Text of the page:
A Look at the Current State of Blockchain

What is the current state of blockchain technology? There are several aspects to consider, including the application of Layer 1 solutions, permissioned ledgers, and Central bank digital currencies. The blockchain infrastructure is a critical component of these applications, and it is imperative to develop the infrastructure before building applications on it. Here are some examples. Read on to learn more. The current state of blockchain is still evolving, but its promise remains clear.

Layer 1 solutions

While first-generation blockchains have established the decentralized financial infrastructure of the future, they can’t scale very well. At times, layer-1 blockchains are slow due to network congestion, but layer-2 solutions alleviate this problem by moving computations from the main blockchain to a separate system that performs these functions. This is known as sharding, and it has many advantages. This type of scaling is very simple and inexpensive.

As the blockchain space continues to expand, this problem becomes even more critical. In order to scale blockchains, researchers are coming up with different solutions to solve it. The Layer-1 solutions target the working principles of blockchains and propose new consensus mechanisms, such as sharding and Directed Acyclic Graphs (DAGs). While these solutions have their advantages, they have their drawbacks. In general, layer-1 solutions don’t offer backward compatibility. If one changes the consensus mechanism, the system will fork.

Most blockchain solutions use trusted third parties for data collection and validation. They also rely on the staff of the supply chain parties to input data. To improve data integrity, most solutions involve the use of product inspections, reputation history, and financial penalties. Only two papers described dispute processes on blockchain solutions. The remaining solutions rely on third-party input, customer feedback, and external oracles to collect data.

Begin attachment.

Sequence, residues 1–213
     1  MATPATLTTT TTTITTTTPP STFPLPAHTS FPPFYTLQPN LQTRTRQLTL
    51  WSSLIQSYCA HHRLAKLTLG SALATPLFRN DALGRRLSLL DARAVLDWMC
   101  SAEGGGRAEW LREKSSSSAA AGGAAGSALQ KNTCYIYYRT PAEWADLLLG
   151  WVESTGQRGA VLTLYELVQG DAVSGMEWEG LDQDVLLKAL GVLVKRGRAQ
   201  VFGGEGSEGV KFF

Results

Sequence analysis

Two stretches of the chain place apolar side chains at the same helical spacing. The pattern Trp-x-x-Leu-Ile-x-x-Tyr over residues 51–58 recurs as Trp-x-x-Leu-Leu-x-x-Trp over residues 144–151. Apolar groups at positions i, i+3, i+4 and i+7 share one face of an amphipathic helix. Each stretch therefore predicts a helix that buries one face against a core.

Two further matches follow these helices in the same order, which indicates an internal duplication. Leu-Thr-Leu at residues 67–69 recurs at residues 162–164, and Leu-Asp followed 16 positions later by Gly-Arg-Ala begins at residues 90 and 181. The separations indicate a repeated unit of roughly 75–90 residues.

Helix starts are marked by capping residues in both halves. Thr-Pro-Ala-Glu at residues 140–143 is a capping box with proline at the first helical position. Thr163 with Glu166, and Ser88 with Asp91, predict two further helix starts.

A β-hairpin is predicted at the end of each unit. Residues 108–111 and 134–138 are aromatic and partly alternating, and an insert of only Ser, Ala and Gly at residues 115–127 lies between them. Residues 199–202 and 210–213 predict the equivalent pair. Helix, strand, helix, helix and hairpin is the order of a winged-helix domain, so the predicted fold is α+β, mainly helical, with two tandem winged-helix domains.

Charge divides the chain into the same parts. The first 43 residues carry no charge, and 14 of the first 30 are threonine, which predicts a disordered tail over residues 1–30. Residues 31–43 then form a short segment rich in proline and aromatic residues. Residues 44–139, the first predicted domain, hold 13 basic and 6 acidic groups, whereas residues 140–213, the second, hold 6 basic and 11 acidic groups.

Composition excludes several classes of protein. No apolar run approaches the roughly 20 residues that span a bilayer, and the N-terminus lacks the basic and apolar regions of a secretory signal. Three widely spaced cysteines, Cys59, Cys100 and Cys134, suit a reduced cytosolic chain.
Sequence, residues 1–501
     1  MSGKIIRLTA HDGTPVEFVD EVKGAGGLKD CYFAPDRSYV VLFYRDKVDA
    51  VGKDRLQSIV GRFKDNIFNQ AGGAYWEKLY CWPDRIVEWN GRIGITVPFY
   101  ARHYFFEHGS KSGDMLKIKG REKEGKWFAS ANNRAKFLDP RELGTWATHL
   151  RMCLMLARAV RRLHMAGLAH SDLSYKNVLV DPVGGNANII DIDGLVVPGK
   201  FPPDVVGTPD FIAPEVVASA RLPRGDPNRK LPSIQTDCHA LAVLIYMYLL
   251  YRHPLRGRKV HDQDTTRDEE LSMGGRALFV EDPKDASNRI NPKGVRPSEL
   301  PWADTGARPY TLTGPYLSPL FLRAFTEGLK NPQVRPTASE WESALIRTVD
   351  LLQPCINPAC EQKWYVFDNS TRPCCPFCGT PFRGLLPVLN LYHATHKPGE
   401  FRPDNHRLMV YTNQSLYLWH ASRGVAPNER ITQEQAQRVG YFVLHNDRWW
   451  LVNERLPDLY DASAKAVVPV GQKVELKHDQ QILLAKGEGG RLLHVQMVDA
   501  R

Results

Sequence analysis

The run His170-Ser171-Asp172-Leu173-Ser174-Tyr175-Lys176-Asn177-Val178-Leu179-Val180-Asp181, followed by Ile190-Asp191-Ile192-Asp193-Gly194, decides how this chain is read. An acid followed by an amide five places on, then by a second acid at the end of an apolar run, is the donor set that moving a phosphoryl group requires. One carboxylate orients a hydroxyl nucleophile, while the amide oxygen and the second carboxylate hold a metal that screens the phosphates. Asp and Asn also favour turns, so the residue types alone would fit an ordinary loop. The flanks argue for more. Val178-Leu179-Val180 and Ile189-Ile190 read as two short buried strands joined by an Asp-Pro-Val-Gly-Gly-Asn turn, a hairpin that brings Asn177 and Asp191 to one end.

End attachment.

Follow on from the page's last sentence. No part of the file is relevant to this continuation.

Permissioned ledgers

A permissioned ledger is a type of blockchain that has no central entity. All participants in a permissioned blockchain are equally responsible for guarding and controlling the information posted to it. The distributed nature of permissioned networks provides an additional layer of trust to the participants. Furthermore, permissioned ledgers are more secure due to the simultaneous access of members, reducing the chances of data alteration.

A common example of a permissioned blockchain is a supply chain for a widget. Raw1 Company produces the raw material while Raw2 Company and Make3 Company manufacture the widget. The final chain involves the sales and payables of the final product. In this example, the permissioned blockchain will allow each participant to maintain a history of transactions. As the chain progresses, the blockchain will track each batch.

As the name suggests, permissioned blockchains are closed to unauthorized users. Each user has a unique key, which they can use to make changes. In addition, every change is tracked and the administrator is aware of who made them. The permission system adds another layer of security and governability to the blockchain network. The superseding regulator of a permissioned blockchain will manage the permissions of the participants.